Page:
The NIHR Health Protection Research Unit in Healthcare Associated Infections and Antimicrobial Resistance were out in full force at the Festival
The team from the NIHR HPRU in HCAI and AMR were in full force at the annual event for the fourth consecutive year showcasing its research and explaining AMR to the public, with six innovative stands within the Superbugs Zone, including two brand new interactive games – “Play your Cards Right” and “Battling the Bugs: the antibiotics arms race”. The group also used a new activity “Build a Bug” trialled at the Science Museum Late event earlier in the week, to illustrate all about natural antimicrobial resistance, selection pressure and acquired resistance.
The weekend of intensive public engagement, kicked off for the team on Friday, when they participated for the first time in the schools-only event, which provides an opportunity for local pupils between the ages of 9 and 10, to visit some of the festival exhibits before fully open to the public. Children were invited to “Build a Bug” using pipe cleaners and pompoms. Having finished their creations, the “bacteria” were repeatedly “killed” by the treatment of antibiotics, until finally selection pressure resulted in the children choosing characteristics for their bug which conferred resistance. The resulting terrifying colony of multi-drug resistant organisms provided a very visual way to explain a complicated topic while hopefully reinforcing why antibiotics should only be taken when really needed. In the game Play Your Cards Right pupils selected answer cards to questions relating to antibiotic resistance and drug resistant infection, and as in in the TV game show were encouraged to shout “higher” or “lower” until they felt that had achieved the correct answer. This game brought home to the Primary school children how widespread antibiotic resistance really is and what part they can play in combatting it.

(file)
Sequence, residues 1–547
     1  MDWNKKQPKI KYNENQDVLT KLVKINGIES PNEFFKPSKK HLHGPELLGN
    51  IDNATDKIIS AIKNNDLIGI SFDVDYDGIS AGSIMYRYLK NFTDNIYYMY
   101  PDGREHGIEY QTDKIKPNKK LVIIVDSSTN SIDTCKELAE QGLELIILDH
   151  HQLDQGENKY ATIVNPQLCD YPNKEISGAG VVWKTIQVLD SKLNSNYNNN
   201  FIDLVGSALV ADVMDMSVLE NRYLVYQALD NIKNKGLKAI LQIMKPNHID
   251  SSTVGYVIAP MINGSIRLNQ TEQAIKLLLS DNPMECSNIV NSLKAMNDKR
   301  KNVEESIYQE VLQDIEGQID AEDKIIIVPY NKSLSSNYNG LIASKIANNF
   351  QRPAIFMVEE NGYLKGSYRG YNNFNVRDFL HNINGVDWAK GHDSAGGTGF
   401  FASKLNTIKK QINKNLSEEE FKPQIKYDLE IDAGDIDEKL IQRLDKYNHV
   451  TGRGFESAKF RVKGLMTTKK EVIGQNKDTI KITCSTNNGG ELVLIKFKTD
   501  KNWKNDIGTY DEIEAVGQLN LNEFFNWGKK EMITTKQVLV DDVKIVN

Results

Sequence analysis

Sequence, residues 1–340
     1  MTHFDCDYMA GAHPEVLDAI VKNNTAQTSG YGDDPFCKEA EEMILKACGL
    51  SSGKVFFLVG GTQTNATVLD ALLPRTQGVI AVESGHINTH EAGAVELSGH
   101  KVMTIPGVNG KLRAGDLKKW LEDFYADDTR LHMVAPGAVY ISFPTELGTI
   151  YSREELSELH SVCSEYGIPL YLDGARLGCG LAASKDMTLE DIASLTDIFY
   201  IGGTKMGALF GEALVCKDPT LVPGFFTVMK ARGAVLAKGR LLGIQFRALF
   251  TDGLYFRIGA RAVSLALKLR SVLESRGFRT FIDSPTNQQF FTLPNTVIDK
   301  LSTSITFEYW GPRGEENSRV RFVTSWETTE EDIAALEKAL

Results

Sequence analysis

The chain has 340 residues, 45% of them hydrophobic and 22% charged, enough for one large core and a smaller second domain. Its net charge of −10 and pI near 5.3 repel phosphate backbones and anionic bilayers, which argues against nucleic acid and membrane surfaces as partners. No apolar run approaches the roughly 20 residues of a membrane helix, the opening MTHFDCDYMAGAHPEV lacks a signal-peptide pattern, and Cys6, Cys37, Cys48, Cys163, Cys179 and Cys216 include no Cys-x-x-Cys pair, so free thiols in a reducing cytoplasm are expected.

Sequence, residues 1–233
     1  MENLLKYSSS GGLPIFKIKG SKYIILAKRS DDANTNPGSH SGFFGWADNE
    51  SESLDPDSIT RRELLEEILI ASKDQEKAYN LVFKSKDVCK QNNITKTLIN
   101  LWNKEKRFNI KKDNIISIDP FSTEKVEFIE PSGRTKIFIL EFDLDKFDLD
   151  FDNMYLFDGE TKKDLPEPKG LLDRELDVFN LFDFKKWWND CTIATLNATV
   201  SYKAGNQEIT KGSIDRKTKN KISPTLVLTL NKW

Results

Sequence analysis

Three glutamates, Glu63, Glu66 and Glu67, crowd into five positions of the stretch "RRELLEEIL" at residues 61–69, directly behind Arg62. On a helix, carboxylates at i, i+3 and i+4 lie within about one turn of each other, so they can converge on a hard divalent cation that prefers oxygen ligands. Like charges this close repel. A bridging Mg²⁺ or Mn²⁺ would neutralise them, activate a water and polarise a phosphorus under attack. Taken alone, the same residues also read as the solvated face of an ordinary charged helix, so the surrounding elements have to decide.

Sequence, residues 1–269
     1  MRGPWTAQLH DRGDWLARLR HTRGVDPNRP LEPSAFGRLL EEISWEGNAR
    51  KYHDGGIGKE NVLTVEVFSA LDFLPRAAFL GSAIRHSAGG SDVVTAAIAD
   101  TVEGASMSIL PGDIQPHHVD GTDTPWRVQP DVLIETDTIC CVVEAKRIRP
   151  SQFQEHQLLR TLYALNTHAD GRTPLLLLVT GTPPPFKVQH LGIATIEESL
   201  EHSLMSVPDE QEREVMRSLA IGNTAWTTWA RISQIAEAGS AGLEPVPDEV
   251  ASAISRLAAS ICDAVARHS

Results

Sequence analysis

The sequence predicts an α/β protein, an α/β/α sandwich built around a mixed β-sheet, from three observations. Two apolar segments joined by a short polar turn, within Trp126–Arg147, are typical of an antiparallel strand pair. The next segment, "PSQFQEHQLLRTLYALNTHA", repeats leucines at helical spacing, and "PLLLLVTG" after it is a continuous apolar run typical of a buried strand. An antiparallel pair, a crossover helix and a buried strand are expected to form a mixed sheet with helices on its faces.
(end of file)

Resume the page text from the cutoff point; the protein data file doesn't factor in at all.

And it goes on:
The Festival weekend itself saw both of these games in full swing again, co-hosted by our colleagues from the HPRU in Respiratory Infections. with “Dicing with Death” – our popular antibiotic resistance Snakes and Ladders game and “How Clean are Your Hands” reprised from last year- the latter with the addition of a dark-room wigwam which was a great hit with the younger generation as well as providing lower-light conditions for the detection any lingering pretend bacteria (glo-gel) on visitors’ hands!
HPRU’s newest game “Battling the Bugs: the antibiotics arms race” demonstrated how effective or not so effective antibiotics are in the battle against bacteria. Visitors relished blasting the bugs with nerf gun ‘penicillin’ pellets and were able to upgrade their arsenal with alternative antibiotics to fight the ever resistant superbugs. This game proved to be immensely popular with all ages and explained, in a fun and engaging way, the very real threat of a world in which antibiotics no longer work.
The last stand “Optimising Antibiotic Dosing using new biosensor technology” showcased technology developed in collaboration with our friends in the departments of Engineering and Chemistry. The phlebotomy arms, on show to illustrate how current antibiotic drug-levels are currently taken, proved a particular fascination for our younger visitors who had an opportunity to “take blood” as the first step required for undertaking current therapeutic drug monitoring. Members of the research team also took the opportunity to quiz visitors about how they felt about the prospect of a non-invasive microchip biosensor alternative which would dispense with the need to give blood samples. Unsurprisingly most responded positively at the option which didn’t require needles!!
Finally, the hard work of the team was also present outside of the superbugs zone as “Mrs X” a short play written by Nichola Baldwin as part of a collaboration with Theatre of Debate, was given a public read through at the Festival as part of the “performances and arts” programme. The play explored death, hope and fear , knowledge and confusion set both in 1918 with Dr Alexander Fleming and in the current day with a Dr Eleanor Grant working on antibiotic resistance in a London Hospital. The post-read through audience discussion elicited a number of great questions from young potential scientists in the audience and provided important food for thought.
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